The mayor said he expected “all the pieces to be in motion” for the new downtown sports field house by the time he leaves office at the end of next year. That will require buy-in from several other entities, including Spokane Public Schools, Spokane County government and the Spokane City Council, which has already agreed, in principle, to set aside $5 million collected in real estate taxes toward construction on the river’s north bank.
Condon entered his second-to-last year as mayor mostly out of the shadow from the Straub controversy that enveloped the first year of his second term.
But in a surprise move, the issue was resparked last month when the Spokane Ethics Commission voted to revive a complaint from former City Council President Joe Shogan against Condon, accusing the mayor of dishonesty in his answers to city lawmakers about the reason for Straub’s forced resignation.
In the midst of the Straub controversy, the City Council launched an independent investigation that ended with accusations of tampering and calls for resignations by City Council President Ben Stuckart. The issue died down after a judge declined to allow a recall and after Condon agreed to settle a case in September 2016 before the Spokane Ethics Commission brought by the National Organization of Women.
Condon had coasted to re-election in 2015 after keeping promises to settle the Otto Zehm lawsuit against the city and lowering water rates. He also moved forward on a revised plan to improve water quality in the Spokane River. He signed off on the purchase of body cameras for police officers. And he spearheaded plans to redevelop Riverfront Park and boost street paving maintenance – both concepts that were backed by voters.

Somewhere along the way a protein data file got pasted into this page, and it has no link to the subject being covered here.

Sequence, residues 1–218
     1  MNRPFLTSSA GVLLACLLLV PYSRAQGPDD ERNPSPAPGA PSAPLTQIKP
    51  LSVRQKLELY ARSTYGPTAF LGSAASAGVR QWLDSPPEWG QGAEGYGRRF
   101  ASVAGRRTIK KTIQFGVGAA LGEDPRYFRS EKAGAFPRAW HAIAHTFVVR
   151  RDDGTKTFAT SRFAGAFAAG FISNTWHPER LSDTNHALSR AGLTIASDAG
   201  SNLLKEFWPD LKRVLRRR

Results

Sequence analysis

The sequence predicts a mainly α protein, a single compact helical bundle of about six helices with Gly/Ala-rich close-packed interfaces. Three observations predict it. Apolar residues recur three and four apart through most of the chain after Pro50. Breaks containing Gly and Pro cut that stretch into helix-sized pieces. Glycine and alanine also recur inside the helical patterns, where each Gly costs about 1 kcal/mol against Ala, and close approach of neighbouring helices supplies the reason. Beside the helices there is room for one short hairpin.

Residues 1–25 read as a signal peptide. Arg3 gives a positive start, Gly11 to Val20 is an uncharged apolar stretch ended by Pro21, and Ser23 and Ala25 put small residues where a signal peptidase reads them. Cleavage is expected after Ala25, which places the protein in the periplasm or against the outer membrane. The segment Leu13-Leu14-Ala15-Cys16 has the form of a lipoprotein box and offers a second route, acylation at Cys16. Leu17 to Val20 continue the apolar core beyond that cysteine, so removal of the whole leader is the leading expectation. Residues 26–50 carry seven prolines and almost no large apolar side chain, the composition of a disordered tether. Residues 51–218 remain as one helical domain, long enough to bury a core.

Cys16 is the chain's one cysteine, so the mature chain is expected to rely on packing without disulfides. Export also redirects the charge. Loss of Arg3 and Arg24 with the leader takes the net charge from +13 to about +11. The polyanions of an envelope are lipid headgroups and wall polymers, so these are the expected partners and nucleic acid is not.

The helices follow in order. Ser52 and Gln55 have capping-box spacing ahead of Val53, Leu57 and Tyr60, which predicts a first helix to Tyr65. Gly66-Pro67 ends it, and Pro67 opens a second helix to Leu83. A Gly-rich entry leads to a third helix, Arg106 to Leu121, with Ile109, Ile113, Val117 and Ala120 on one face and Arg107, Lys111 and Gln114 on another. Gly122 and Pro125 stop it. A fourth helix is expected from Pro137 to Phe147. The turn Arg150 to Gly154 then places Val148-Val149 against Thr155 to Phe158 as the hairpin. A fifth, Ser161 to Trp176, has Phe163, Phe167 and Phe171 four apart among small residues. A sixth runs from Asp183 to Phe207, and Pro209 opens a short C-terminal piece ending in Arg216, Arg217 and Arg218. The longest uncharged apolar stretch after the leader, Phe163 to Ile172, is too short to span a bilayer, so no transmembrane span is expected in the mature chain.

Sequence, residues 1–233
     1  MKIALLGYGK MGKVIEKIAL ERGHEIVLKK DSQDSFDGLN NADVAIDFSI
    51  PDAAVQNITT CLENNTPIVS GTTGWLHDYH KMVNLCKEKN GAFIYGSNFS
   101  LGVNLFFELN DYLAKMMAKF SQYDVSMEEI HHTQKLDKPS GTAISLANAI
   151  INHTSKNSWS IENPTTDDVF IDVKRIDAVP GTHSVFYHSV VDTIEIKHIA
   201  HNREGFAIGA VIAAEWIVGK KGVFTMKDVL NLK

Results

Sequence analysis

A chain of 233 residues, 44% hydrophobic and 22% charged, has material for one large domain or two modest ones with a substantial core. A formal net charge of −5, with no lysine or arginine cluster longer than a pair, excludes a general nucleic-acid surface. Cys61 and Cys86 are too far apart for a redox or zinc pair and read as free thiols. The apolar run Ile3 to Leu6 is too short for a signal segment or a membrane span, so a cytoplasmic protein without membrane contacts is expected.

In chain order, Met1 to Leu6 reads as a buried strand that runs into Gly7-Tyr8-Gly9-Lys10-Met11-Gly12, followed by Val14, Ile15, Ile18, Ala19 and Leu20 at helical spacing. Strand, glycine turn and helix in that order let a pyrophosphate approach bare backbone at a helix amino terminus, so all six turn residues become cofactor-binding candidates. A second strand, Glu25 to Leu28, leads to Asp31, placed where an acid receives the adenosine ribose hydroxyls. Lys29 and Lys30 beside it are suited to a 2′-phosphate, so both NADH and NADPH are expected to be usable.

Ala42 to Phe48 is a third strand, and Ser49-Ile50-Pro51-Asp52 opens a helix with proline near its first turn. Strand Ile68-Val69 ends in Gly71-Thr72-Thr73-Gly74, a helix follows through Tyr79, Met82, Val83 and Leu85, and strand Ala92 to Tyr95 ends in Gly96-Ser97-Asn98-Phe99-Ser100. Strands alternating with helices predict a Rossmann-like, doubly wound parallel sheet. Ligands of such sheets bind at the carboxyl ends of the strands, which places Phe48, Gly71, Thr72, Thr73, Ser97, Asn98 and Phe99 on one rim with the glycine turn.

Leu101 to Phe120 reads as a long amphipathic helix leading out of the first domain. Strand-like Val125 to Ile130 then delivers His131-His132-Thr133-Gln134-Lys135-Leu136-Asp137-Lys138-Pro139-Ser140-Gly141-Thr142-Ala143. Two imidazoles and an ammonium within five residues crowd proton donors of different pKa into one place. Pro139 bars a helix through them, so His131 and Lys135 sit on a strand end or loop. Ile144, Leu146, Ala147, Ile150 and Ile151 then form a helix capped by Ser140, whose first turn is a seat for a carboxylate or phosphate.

But the first part of his second term didn’t produce the kinds of sweeping change that his first four years did.
The blueprint for public investment, shepherded by Rick Romero, the city’s former utilities director, and recently departed Councilwoman Amber Waldref, may be what drives the city toward the big ideas that characterized his first term. It has served as a point of focus for the mayor’s office and the council, Condon said.
Lawmakers have butted heads with the administration on several legislative issues and portions of this year’s budget, but Condon downplayed those disputes as routine disagreements of a divided government.
“There’s fundamental things that we do disagree on, but a lot of the things that we have disagreed (about) have nothing to do with the strategic plan,” Condon said.
Stuckart echoed the council’s commitment to the strategic plan, despite differences in philosophy with the mayor’s office.
“I’m sure there’ll be disagreements about various issues,” the council president said. “I don’t see the past six years of disagreements being a bad thing. I think it’s a healthy way to have dialogue about issues and what’s important in the community.”